Welcome to our series of interviews with leading female CSR practitioners where we are learning about what inspires these women and how they found their way to careers in sustainability. Read the rest of the series here.
TriplePundit: Briefly describe your role and responsibilities, and how many years you have been in the business.
Meghan Chapple-Brown: I am the Director for the Office of Sustainability at George Washington University and also Senior Advisor on University Sustainability Initiatives, which means I work with GW’s Trustees, President, Provost, Treasurer, faculty, students, and staff in Facilities, Procurement, Investment, and Development to make GW a leader in sustainability. I launched the sustainability initiative at GW in 2009. I have the privilege of partnering with global corporations, small business, local and global NGOs, and local and federal governments to support the efforts at GW. I also teach Strategies for Sustainable Enterprise to MBAs at the GW School of Business.
Leading sustainability in an academic setting has allowed me to draw on my experience from various other sectors. While at SustainAbility, I was a strategy advisor to F500 companies. I learned a great deal about organizational change, market innovation and stakeholder engagement while working on projects for Darden Ford, Nike, Wal-Mart, Eli Lilly, and others. In the early 2000’s I worked at World Resources Institute and published Beyond Grey Pinstripes – the first ranking of business schools on social and environmental responsibility. While at WRI I worked with business schools around the world, especially in Latin America with faculty from Chile, Brazil, Peru, Argentina. All of that experience was great training for leading the strategy and implementation of sustainability at GW.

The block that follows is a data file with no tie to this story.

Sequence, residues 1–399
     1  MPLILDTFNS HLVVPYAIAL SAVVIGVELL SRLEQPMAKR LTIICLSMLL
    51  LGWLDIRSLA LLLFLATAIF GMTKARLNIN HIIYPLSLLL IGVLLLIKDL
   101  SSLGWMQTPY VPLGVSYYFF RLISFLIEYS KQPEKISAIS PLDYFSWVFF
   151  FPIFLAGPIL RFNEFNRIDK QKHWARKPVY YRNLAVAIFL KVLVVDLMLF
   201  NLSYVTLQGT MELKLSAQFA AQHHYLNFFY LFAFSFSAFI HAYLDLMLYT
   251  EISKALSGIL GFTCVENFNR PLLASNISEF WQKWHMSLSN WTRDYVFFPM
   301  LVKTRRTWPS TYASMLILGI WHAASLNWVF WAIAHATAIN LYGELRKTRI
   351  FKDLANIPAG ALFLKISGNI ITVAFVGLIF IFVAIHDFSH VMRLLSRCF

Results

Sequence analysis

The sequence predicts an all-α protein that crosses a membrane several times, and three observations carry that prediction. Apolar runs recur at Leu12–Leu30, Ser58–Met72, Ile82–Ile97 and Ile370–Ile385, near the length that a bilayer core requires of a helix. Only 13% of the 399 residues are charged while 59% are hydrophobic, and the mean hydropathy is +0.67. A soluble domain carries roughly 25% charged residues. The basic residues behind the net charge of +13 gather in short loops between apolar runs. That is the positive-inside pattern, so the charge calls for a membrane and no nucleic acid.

Most significant, though, was my work right out of college. In the ‘90’s I started out in Americorps working in community development on the South Side of Chicago. Back before “sustainability” was a field, I built community gardens and started community-based recycling programs in public housing in some of the poorest areas of our country. The intent was to address poverty and provide job training, look past violence and provide a safe space for personal growth, and to build a sense of community, pride, and healthier living. Still today I think this was the most rigorous, yet rewarding part of my career thus far. It prepared me for the challenges I face in my work today by providing me with first-hand experience in personal humility and understanding. Click to continue reading »
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